Bike Week Woe

I’m failing to get excited about Bike Week. But then I’m not exactly the target audience. On a local level and Lambeth Cyclists seem to been spreading the two wheel word. The Brixton bicycling breakfasts have been a huge success, offering croissants and coffee to any passing bicyclist along the Brixton Road.

I felt a fraud stopping for the free morning brunch earlier in the week, talking about bikes and making the most of the continental start to my South London morning.

But thanks, anyway.

Nope, what really rattles my chain about Bike Week is the forced attempt to focus on bicycles for just one week of the year. What next once all the well-intentioned pedal posturing is over? Go back to being a Bus Stop Johnny?

You may as well organise a National Breathing, Living or Existential Existence Week – bicycling is what I do, nothing more, nothing less. I don’t need a national call to arms to encourage me to ‘celebrate’ a part of my life that is key to my own personal identity.

I much prefer the findings from The Bike Show’s No Bike Week experiment. Seasoned London cyclists lived a strict No Bike lifestyle for seven days, forcing them to consider how central a bicycle is to their everyday routine. I considered taking part, but then realised that London life really is all about the bike for me.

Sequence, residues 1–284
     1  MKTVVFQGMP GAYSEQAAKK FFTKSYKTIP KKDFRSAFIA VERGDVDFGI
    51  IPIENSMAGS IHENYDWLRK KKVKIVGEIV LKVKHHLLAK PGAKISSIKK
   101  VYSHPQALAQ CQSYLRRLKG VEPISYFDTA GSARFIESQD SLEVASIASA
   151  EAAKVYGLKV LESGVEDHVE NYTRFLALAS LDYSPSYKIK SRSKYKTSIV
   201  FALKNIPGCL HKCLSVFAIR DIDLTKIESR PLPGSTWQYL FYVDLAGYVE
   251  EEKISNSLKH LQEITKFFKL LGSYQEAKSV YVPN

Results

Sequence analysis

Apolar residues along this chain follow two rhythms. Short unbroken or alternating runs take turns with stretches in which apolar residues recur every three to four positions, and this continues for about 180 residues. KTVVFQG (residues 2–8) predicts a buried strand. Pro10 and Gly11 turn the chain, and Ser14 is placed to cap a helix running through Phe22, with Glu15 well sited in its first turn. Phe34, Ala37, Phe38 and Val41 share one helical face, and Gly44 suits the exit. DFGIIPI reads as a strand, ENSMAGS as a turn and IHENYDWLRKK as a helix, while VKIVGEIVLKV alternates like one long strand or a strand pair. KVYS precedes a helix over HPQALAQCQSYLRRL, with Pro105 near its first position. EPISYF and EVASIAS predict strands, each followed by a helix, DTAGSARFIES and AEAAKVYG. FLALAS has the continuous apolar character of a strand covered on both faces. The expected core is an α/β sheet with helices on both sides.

Bike Week comes under the organising banner of the Department for Transport. Maybe this is the root of my reservations. Bikes are not about the practicalities of getting from A-B. Bicycling is a pleasure first, a practicality second.

Once you reduce your bicycling efforts to a crude, logistical rat run, you become sucked into the commuter hell that leaves so many Londoners unhappy. Take a different turn at that nasty main junction, explore the local area and find a far more pleasant route off the main patch. This is when bicycling becomes a lifestyle, and not a campaign organised by a soulless government department.

Working with both local and national government can produce genuine benefits for bicyclists, but like the sex and the State mass debate, politicians at all levels are best kept away from meddling in the personal lives of the individual.

National Bike Week reminds me of the forced humour of Comic Relief. The more you are forced to focus your efforts, then that joke isn’t funny anymore.

It’s not all about the bike, but it’s about you and how you find pleasure in one of the purest inventions known to humanity.


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